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Monday, 29 March 2010

Labour's tax and benefits strategy has closed the income gap, thinktank says | Politics | The Guardian‏

Thirteen years of Labour government have improved the incomes of the poorest households while the richest have suffered large cuts, according to a study by a leading thinktank.
An increase in taxes on the wealthiest households has been matched by an increase in benefits for the poorest, the Institute for Fiscal Studies said today following a long-term study of Labour's impact on incomes since 1997.
Top stuff, don't hear that every day. Good news

"An overhaul of tax credits in 2003 created a £13bn system of benefits that rewarded families for taking a job and remaining in work."
Goes against the usual line from the Express and Mail. So let me think about this. On the one hand you have a statistical analysis body, on the other you have two cynical, morally outraged papers who have a line to tow. I think I'm going with the IFS on this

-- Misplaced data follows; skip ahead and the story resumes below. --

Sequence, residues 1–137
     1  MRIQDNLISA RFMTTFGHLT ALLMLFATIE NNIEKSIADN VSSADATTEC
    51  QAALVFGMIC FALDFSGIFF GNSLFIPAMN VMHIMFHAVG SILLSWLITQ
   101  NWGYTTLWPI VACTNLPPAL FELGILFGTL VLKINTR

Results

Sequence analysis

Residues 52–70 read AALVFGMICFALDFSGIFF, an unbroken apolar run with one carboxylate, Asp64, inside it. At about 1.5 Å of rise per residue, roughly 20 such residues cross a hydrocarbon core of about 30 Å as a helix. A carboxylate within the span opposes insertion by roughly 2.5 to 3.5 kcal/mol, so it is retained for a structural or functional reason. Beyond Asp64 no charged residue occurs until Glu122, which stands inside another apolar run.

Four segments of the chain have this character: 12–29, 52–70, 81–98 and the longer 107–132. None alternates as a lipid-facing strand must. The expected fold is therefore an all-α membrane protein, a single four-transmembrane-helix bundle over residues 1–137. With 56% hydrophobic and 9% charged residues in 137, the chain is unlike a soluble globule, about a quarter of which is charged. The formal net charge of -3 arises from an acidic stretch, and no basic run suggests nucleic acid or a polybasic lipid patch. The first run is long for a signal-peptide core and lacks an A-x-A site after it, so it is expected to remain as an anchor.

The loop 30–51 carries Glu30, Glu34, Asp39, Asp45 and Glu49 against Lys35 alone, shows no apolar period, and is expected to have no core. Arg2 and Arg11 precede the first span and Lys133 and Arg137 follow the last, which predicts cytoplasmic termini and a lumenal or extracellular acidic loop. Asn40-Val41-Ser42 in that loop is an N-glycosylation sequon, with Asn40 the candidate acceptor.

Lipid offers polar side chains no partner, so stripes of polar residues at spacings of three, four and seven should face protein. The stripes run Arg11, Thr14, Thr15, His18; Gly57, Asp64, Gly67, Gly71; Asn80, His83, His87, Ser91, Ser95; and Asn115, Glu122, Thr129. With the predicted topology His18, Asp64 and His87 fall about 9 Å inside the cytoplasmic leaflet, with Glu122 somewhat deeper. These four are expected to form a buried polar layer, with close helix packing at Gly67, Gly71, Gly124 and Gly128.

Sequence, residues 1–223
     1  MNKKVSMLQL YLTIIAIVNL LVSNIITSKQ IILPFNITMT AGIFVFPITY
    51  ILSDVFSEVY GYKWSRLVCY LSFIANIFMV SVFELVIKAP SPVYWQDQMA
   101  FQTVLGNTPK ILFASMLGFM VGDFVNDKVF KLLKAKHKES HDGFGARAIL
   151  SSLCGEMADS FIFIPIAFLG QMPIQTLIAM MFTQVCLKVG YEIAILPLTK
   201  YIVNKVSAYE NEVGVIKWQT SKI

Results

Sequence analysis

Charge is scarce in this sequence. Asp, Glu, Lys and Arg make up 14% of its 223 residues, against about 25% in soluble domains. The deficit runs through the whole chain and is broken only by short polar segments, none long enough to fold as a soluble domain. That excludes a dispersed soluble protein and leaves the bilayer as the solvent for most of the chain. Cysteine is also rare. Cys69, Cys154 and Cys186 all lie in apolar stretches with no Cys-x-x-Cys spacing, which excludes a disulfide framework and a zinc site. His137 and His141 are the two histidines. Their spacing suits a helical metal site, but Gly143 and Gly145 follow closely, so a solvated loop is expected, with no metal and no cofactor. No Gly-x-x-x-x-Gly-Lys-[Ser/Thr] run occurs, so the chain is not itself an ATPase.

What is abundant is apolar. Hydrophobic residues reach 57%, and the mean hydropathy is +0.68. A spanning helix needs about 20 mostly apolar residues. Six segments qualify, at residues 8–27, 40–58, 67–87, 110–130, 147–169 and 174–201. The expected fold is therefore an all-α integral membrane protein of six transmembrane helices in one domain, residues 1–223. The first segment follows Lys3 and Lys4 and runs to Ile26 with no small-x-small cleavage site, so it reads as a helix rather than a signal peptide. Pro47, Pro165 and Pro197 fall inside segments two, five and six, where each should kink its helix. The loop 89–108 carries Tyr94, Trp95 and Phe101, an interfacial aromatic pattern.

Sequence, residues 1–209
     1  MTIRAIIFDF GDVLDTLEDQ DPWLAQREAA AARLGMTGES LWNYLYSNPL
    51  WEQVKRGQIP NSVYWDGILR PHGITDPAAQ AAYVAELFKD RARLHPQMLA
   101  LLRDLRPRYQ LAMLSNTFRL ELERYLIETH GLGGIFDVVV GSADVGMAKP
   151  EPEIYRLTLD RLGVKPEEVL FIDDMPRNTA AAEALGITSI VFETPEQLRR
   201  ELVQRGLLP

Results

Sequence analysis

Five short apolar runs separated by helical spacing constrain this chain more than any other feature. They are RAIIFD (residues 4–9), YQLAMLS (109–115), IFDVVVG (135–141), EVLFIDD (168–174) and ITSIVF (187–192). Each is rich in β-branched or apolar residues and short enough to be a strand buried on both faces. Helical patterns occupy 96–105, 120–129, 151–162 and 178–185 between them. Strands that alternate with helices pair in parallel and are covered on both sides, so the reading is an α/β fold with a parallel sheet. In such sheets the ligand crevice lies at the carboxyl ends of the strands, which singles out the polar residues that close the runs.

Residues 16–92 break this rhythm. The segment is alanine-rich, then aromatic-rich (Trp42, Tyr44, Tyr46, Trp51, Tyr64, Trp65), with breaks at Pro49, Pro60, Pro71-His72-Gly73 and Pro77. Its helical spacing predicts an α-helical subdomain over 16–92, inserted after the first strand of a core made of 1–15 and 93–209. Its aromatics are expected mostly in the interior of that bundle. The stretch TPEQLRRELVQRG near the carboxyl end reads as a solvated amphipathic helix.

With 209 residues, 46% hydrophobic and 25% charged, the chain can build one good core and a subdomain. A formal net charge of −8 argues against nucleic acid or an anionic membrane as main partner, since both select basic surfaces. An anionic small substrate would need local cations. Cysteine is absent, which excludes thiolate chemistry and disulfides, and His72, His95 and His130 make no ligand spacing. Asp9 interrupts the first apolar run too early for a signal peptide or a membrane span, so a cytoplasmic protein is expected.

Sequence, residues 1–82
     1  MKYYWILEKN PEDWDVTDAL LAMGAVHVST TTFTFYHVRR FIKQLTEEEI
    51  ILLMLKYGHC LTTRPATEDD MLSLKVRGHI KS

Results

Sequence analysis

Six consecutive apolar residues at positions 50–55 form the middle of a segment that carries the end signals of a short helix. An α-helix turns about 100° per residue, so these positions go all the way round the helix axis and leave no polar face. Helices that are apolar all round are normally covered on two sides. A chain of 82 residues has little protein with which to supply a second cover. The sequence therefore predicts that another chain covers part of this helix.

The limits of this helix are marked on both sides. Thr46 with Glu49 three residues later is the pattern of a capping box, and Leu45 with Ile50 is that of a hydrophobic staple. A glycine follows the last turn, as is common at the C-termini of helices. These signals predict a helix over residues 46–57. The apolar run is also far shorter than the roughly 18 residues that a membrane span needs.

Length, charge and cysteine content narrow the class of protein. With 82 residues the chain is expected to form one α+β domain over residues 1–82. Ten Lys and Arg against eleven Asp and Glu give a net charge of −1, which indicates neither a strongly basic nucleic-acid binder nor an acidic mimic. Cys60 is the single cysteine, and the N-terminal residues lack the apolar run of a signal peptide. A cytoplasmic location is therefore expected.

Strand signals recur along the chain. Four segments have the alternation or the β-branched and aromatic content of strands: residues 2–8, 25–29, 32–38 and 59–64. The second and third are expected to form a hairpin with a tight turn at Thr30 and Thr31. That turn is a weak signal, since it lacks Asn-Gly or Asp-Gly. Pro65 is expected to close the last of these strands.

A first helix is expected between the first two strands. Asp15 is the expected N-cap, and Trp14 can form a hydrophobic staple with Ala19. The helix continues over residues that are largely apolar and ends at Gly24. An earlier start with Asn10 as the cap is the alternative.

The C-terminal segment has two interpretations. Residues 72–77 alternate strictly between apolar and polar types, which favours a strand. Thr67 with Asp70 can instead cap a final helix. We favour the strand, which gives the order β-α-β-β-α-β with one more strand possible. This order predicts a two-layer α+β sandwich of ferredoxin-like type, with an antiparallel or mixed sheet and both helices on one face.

"In the recession it has provided a safety net for many families and allowed them to accept part-time work when in a previous era it would have paid them to leave work and claim benefits. Families where the main wage earner is forced to take a large cut in hours will see their incomes largely maintained by tax credits."
Looks like Gordy worked the system out well. Well done lad, nice one.

"Since 2003 the cost of the tax credit system, which includes child tax credits and the working tax credit, has soared. Figures from the budget showed the combined bill had reached £20bn by 2008-09 and this year is expected to reach £23bn."
Sadly, worth-while things like this cost money. But a worthy investment.

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